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On the graph:

  1. blue line is the heat capacity of a classical monatomic ideal gas at constant volume;
  2. the red line is the heat capacity of a classical monatomic ideal gas at a constant volume, taking into account the Earth's gravity field.

How to explain on a qualitative level why the red graph differs from the blue one in this way?

enter image description here

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  • $\begingroup$ The heat capacity at constant volume of a monoatomic ideal gas is (3/2)kN, not (5/2)kN, and it does not vary with altitude. $\endgroup$ Oct 6, 2021 at 22:54

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Qualitatively, we can justify the endpoints by noting that gases spread out entropically as a result of their thermal energy; take away this thermal energy, and ideal gases stratify perfectly according to their density. (Real gases condense and then freeze.)

Thus, the monatomic ideal gas at high temperatures fills its container easily and thus maintains the familiar constant-volume heat capacity of $\frac{3}{2}kN$. The monatomic ideal gas at low temperatures in a gravity field mostly occupies only a lower portion of its container and thus assumes the behavior of constant-pressure confinement, including the constant-pressure heat capacity $\frac{5}{2}kN$. (The corresponding pressure depends on the height of the region we choose to look at.)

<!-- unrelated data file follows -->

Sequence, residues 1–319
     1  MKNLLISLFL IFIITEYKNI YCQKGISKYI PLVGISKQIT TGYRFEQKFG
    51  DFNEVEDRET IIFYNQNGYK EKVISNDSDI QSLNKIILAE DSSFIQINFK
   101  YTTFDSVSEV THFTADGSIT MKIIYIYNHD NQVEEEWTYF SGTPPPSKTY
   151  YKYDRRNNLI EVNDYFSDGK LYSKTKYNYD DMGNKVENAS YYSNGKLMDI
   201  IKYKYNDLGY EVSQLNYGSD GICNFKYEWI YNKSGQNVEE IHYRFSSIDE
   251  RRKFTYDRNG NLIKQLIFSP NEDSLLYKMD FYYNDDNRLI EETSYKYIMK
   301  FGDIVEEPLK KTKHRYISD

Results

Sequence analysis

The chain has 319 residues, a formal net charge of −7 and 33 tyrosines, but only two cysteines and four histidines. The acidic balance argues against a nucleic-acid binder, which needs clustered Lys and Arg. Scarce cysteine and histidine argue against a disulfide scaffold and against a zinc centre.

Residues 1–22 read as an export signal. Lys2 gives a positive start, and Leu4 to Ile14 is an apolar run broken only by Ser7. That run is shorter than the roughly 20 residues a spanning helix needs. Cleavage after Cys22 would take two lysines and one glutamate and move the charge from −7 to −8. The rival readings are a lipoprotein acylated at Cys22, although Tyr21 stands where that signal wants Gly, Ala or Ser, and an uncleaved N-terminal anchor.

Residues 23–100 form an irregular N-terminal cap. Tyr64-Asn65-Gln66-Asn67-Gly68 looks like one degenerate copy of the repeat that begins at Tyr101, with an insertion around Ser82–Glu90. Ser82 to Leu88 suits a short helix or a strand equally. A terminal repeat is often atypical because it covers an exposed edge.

We can think of the presence of gravity as partially diverting any input heating of the system toward an increase in the gravitational potential energy; consequently, the heat capacity (i.e., the energy required to raise the temperature of a system solely by heating it) is larger.

For more discussion, see, for example, Landsberg, "Entropy of a column of gas under gravity," Am J Phys 62 (1994).

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    $\begingroup$ What has this got to do with the heat capacity at constant volume? $\endgroup$ Oct 7, 2021 at 15:06
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    $\begingroup$ The heat capacities we typically work with ignore gravity. The effect of gravity is typically negligible except for ideal gases (and certain other systems) at low temperature, as discussed in the paper. In this case, the gas doesn’t really fill its container and therefore isn’t really at constant volume. $\endgroup$ Oct 7, 2021 at 16:08
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    $\begingroup$ But then the heat capacity varies locally, right? So this is an "apparent" heat capacity? $\endgroup$ Oct 7, 2021 at 16:44
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    $\begingroup$ To my knowledge, it applies to the entire container of gas of height $H$ in a gravity field $g$. In the equation shown in the question, for example, the location (e.g., $z$) does not appear. Of course, $g$ varies somewhat with elevation on Earth. The linked paper was unknown to me before yesterday but is very straightforward and interesting because of its comparisons to the gravity-free classical ideal gas. $\endgroup$ Oct 7, 2021 at 19:51
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    $\begingroup$ Thanks. I can see what's happening here now. When the gas is heated, not only does its temperature increase, but its potential energy also increases. So more heat is required to raise its temperature a specified amount. So what they calling the heat capacity at constant volume is really the "apparent heat capacity" calculated from $\frac{1}{M}\frac{dQ}{dT}$, where M is the total mass of gas in the container. $\endgroup$ Oct 7, 2021 at 23:23

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